12 Years A Slave is now on limited release in America but will not be released in the UK until January next year. I do however urge you to go and see it as soon as you are able and in the meantime the original diary of Solomon Northup can be purchased for as little as 77p (I’m reading it on my Kindle at the moment).

Watch the official trailer for the film here:

http://www.youtube.com/watch?v=vUQNjfhlREk

Advertisements

Tags: , , , , , , ,

2 responses to “Film Review – 12 Years A Slave (2013)”

  1. andrianakahealani says :

    Amazing review!

    I totally agree with you on the topic that it really made affected me for days after seeing it because of its emotional intensity. I literally can’t stop thinking about Solomon Northup’s story. The score was perfect. It really felt right for each shot and it definitely emphasized the pain evoked intensely at certain points. Ejiofor’s performance was out of this world!

Leave a Reply

Fill in your details below or click an icon to log in:

WordPress.com Logo

You are commenting using your WordPress.com account. Log Out / Change )

Twitter picture

You are commenting using your Twitter account. Log Out / Change )

Facebook photo

You are commenting using your Facebook account. Log Out / Change )

Google+ photo

You are commenting using your Google+ account. Log Out / Change )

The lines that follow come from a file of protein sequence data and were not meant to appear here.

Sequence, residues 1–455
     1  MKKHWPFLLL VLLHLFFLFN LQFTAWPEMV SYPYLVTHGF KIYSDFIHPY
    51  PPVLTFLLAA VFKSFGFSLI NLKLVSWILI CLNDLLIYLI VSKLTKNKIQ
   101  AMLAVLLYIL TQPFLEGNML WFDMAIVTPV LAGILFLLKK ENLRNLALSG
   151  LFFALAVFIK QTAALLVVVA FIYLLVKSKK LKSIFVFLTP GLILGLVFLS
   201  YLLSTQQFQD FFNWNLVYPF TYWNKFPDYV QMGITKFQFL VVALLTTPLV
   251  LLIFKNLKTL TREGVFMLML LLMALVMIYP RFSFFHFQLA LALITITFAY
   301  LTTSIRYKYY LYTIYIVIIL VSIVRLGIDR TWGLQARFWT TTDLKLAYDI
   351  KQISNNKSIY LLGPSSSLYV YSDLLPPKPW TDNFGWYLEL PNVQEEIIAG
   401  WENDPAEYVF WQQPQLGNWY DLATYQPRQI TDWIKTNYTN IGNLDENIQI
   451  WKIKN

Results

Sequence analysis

Connecting to %s

Solochocolatee

Si te consideras amante del chocolate, estás en blog adecuado.

Thoughts In Intervals

Tarryn Richardson

Telly Addict

I have been watching

Loitering In the Theatre

My experiences, good and bad, in London theatres.

West End Blog

Bringing you independent, honest, experienced reviews of current theatre shows. We believe theatre is something truly magical and can be enjoyed by everyone.

Mingled Yarns

Anyone who says they have only one life to live must not know how to read a book

Cultural Capital

Theatre, arts and events in London

Vickster51Corner

Theatre, Books, Food & Film/TV reviews

746 Books

Confessions of a Book Buying Addict

The Book Review Directory

Over 150 Book Reviewer Bloggers Listed

The Day - a Play

Theatre, Films, TV, Art

Cleopatra Loves Books

One reader's view

The X-Files Truth Podcast

"The following podcast is based on actual X-Files cases." Email: XFilesTruth@live.com

WEST END WANDERER

Walking my way around the west end one show at a time

Semi-Partisan Politics

A semi-biased commentary on British and American politics, culture and current affairs

mattsmoviethoughts

Movie and TV Reviews

Geeks Shall Inherit the Earth

Life, Faith and Comic Books

%d bloggers like this: